The right eloquence needs no bell to call the people together and no constable to keep them. ~ Emerson

Friday, August 28, 2009


Suspicion of Guilt Is Not Proof of Guilt

Initially, joy flowed freely when, against all hope, Jaycee Lee Dugard – kidnapped from her family at age eleven, eighteen years earlier – was found alive less than two hundred miles from her childhood home. Unfortunately, joy quickly turned to horror as details emerged of Dugard’s existence during those eighteen years.

After abducting her in 1991, convicted sex offender Phillip Garrido placed Dugard inside a fenced-off area, located in deep woods behind his suburban home. There, Garrido constructed a compound consisting of tents and crude outbuildings, an environment that authorities likened to camping out.

Worse still, Dugard became Garrido’s sex slave. The man raped her repeatedly, ultimately fathering two children with her, the first when Dugard was a mere fourteen years old. Like their mother, Garrido forced the girls to live in the compound, bereft of all contact with the outside world.

Garrido has admitted to kidnapping Dugard. It is highly likely he will now spend most or all of his remaining life imprisoned and/or institutionalized. Anyone’s heart would go out to Dugard for what she has endured. She lost the entire teen years of her childhood as well as her innocence at far too young an age. The same is true for her daughters. It seems almost inconceivable that slavery could still be possible in contemporary America.

Regrettably, the horror does not even end here. Other members of Dugard’s family also ended up enslaved because of her disappearance. Dugard’s mother Terry became enslaved to her grief. For ten years after her daughter’s disappearance, Terry took vacation from work at Christmas and the anniversary of the abduction as a time for remembrance. She could do little more to pass this time than weep inconsolably.

The grief and recrimination destroyed their marriage, according to her husband. The pair separated some years ago and now live apart.

Terry’s husband, Carl Probyn, Jaycee’s stepfather, also wound up enslaved – in his case by suspicion. He was the one who saw the girl abducted as she waited at her school bus stop. He saw her pulled into a car, screaming, and watched it race away.

Probyn recalls Jaycee was at the top of a hill and he at the bottom when the kidnapping occurred. He said he pedaled furiously in a vain attempt to reach/follow her but his mountain bike was no match for a speeding car.

As the only witness, both local police and the FBI targeted Probyn on suspicion of involvement in Jaycee’s abduction. Both groups interrogated him repeatedly. Authorities never brought formal charges against Probyn but they never completed dropped the investigation either.

The Probyns were robbed of Jaycee’s childhood too. “He had her longer than we did,” Carl said wistfully at one point, referring to Garrido. Both parents appear to have legitimately grieved as Jaycee’s loss. Yet while Terry found respect and sympathy from the community in her mourning, Carl knew only too well that some on the police force as well as some of his neighbors privately felt placing him behind bars was the best way to ensure such justice as was possible for the little girl missing and presumed dead.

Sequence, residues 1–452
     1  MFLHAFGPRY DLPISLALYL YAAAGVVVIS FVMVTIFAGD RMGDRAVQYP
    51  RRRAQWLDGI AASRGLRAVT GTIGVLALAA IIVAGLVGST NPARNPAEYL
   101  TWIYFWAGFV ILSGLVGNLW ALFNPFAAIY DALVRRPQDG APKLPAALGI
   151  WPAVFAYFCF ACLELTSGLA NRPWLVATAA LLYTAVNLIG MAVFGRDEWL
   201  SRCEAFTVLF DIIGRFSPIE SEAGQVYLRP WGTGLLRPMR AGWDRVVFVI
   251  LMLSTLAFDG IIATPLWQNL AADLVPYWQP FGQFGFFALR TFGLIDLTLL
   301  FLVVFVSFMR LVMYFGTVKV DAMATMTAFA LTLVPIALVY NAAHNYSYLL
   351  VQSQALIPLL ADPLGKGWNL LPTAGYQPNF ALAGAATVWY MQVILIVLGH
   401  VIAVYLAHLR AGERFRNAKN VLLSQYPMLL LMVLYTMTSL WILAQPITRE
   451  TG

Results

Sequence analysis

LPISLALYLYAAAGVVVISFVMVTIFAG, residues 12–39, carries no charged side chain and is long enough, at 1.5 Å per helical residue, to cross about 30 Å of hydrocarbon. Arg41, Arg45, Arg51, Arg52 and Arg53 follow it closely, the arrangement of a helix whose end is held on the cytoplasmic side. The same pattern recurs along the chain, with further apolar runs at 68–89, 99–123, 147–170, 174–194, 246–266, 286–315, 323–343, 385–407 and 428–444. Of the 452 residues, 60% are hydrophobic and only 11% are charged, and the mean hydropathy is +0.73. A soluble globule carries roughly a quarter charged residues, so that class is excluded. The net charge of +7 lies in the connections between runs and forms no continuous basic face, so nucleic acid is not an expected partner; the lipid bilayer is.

Legally, suspicion of guilt is not proof of guilt. Yet it is only human nature to desire punishment and restitution and this often exacerbates the former into the latter for many people. The more heinous and shocking the crime, the more readily people are willing to accept suspicion as proof. (i.e. “The police wouldn’t be checking it if there was wasn’t something fishy going on there.”)

“I've gone through hell, I mean I'm a suspect up until yesterday,” Carl Probyn told reporters. If Garrido had not undergone some type of religious revelation several years ago that caused him to act more recklessly and betray himself, Probyn might well have remained enslaved by suspicion for the rest of his life. It is an interesting side lesson to take from this part happy/part repulsive story of a family ripped apart only to find reunion years later.

Because they stand suspected of terrorism, many of us fear any of the detainees currently residing at Guantanamo Bay as inherently too violent and dangerous for housing in U.S. prisons or affording the rights associated with civil trials. In some high-profile cases, these may well be legitimate concerns but it is just as valid to wonder how many Carl Probyn types are among the lesser-known figures. We know they exist because U.S. authorities have already found and released some previously.

Like Probyn, these individuals wound up robbed of their families, their countries, and their lives for years without earning a dreg of our sympathy because our fear and suspicions engulfed and overwhelmed our sense of justice. The Dugard case demonstrates the greatest wrong which can come from this is to allow the truly guilty to continue walking about without penalty and the genuinely innocent to continue suffering at their hands.

It is time to unshackle the enslaved by unshackling ourselves from our worst suspicions and fears.

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